x Abu Dhabi, UAETuesday 23 January 2018

Strength of US seen day after election

His supporters donned goofy Uncle Sam hats, honked their car horns and wept as openly as they cheered, watching history write itself before them.

A poster of Barack Obama depicted as Superman, on Melrose Avenue, in Los Angeles, California.
A poster of Barack Obama depicted as Superman, on Melrose Avenue, in Los Angeles, California.

CHICAGO // His supporters donned goofy Uncle Sam hats and clutched stuffed Democratic donkeys, honked their car horns and hugged, waved American flags and wept as openly as they cheered, watching history write itself before them. "We did it, baby!" was one cry heard on the streets of this jubilant city - and probably others - after Barack Obama delivered his victory speech on Tuesday night.

But something remarkable happened the day after the US elected its first African-American president: life just went on. In some ways America woke up on Wednesday a different place, a country long burdened by the weight of its own racial injustices that had finally taken an outsize step towards reconciliation. John McCain, the Republican senator from Arizona who was soundly defeated by Mr Obama, addressed the historical significance of his opponent's election in his concession speech, saying "we have come a long way from the old injustices that stained our nation's reputation and denied some Americans the full blessings of American citizenship".

But in another way the country woke up after election day much the same, prepared - despite partisan differences brought out by the campaign and the disappointment of the losing side - to transfer power peacefully from one man to the next, as it does every four or eight years. And that seemed part of the victory, too. Mr McCain asked his supporters - some of whom booed - to stand behind Mr Obama, as he said he now would, to bridge the country's differences and get it moving again. And Mr Obama asked for the help of all those who did not support him, but whose voices he said he had heard.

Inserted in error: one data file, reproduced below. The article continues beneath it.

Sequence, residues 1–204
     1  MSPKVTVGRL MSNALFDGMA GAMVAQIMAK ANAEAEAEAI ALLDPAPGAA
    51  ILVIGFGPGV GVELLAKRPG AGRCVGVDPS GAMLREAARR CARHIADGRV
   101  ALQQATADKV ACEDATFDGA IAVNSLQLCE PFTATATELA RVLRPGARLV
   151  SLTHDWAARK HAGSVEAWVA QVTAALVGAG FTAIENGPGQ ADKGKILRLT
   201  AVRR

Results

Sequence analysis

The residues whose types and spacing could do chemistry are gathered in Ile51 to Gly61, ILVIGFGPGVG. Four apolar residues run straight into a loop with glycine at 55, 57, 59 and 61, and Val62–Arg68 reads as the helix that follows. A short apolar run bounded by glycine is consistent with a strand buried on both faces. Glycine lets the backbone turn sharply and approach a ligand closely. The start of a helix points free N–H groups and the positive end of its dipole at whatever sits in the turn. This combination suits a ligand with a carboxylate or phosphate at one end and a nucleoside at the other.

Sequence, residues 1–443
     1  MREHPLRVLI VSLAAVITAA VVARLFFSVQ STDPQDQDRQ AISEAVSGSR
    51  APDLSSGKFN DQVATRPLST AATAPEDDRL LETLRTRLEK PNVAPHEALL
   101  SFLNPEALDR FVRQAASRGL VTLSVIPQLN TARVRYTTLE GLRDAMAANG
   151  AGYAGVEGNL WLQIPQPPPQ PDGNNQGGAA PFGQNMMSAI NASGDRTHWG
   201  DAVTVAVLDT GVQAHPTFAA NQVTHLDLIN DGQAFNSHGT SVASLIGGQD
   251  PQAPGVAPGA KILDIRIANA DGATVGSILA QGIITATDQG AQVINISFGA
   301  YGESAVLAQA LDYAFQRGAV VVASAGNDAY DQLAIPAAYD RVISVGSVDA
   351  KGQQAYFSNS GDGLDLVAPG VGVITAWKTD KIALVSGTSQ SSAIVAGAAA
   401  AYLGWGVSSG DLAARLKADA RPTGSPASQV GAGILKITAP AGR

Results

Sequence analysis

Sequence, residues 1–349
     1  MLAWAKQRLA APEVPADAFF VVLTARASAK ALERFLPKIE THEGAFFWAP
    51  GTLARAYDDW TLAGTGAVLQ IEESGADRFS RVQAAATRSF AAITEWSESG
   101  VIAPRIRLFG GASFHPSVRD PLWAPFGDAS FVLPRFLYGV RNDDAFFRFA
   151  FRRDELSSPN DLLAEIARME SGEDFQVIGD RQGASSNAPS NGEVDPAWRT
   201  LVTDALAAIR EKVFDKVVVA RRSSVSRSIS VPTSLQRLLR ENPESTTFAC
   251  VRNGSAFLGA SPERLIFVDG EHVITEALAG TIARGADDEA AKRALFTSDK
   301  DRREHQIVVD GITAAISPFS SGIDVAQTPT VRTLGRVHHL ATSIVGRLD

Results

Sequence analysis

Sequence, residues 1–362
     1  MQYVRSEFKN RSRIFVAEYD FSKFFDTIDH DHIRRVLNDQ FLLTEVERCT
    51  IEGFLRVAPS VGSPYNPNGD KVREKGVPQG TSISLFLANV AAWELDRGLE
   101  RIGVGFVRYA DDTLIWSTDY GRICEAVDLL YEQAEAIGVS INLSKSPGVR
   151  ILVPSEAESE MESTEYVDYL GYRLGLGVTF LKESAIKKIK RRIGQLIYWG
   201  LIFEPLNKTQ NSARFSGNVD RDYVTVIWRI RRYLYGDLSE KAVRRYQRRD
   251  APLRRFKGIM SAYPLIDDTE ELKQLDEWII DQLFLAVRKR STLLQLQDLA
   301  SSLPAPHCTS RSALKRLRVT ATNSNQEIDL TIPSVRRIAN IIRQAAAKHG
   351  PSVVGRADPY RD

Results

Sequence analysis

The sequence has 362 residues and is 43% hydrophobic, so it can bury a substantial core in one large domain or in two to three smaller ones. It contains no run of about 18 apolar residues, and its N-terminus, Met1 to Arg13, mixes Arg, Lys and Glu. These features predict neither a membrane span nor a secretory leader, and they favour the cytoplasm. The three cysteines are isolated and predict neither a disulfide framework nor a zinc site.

"I know he's got a tough job ahead of him," said Char Perlow, 65, white and retired, who attended Mr Obama's election night rally with her daughter and sister, an array of political buttons pinned to her chest. "Hopefully he'll be able to bring us all together." "This is the one chance for the United States of America to come together as one," said Paris Jones, 34, an African-American telephone technician whose T-shirt displayed Mr Obama's face on the front and the words "History In The Making" on the back. "We're all as one. We're Americans before we're anything." The hard work of preparing to govern - harder even than the 21-month campaign Mr Obama waged to earn the right to - begins now. Mr Obama, a first-term senator from Illinois, is facing the most difficult transition at least since 1932, when Franklin D Roosevelt took office during the Great Depression. He moved quickly to name the three advisers who will co-chair his transition team, including John Podesta, a former top aide to Bill Clinton, and appointed as his chief of staff Rahm Emanuel, another Clinton White House veteran and Illinois congressman who is a member of the Democratic leadership team on Capitol Hill. Mr Obama is expected to name other close White House advisers and his economic team soon, with other key cabinet selections not far behind. Early in his administration Mr Obama is likely to face weighty decisions on a host of issues, including an economic stimulus package and other measures to jump-start the economy; troop levels and strategy in Afghanistan and Iraq; reform of the health care system; and the fate of the detention centre at Guantanamo Bay. The expectations are as high as they could be, leaving plenty of room for disappointment, or at least "setbacks and false starts", as Mr Obama said on Tuesday night. Chicago continued to celebrate Mr Obama's historic win, though in somewhat quieter ways; the streetposts surrounding all four sides of the city hall building downtown were decorated with colourful signs congratulating Chicago's hometown hero, and some people sported buttons declaring "I Was There", referring to the rally at Grant Park. The Chicago Reader, a free weekly newspaper, marked Mr Obama's election with a drawing of him on its cover and this advice: "Don't Screw This Up." As for the president-elect, he reportedly worked out on Wednesday morning, as is his daily custom, then spent several hours on the telephone and in meetings on staffing and other transition matters. But elsewhere in the city, a day after the US elected its first African-American president, life just went on. Mr Jones, the telephone technician, is still scheduled to be laid off from his job today. And Fahid Khamo, 38, an Iraqi who has been in America for nearly three decades and is himself out of work, still expects to hear soon from family in Baghdad, as he does from time to time, asking him and his mother to send money. Mr Khamo had a dream not long before election day that Mr Obama - for whom he would have voted were he a citizen - prevailed and that the country became a better a place. "I believe that Obama's going to make a big difference," Mr Khamo said. "He knows how. I think he's been through what a lot of people have been through and he knows how hard it is people are feeling right now. It's not just America, it's everywhere." eniedowski@thenational.ae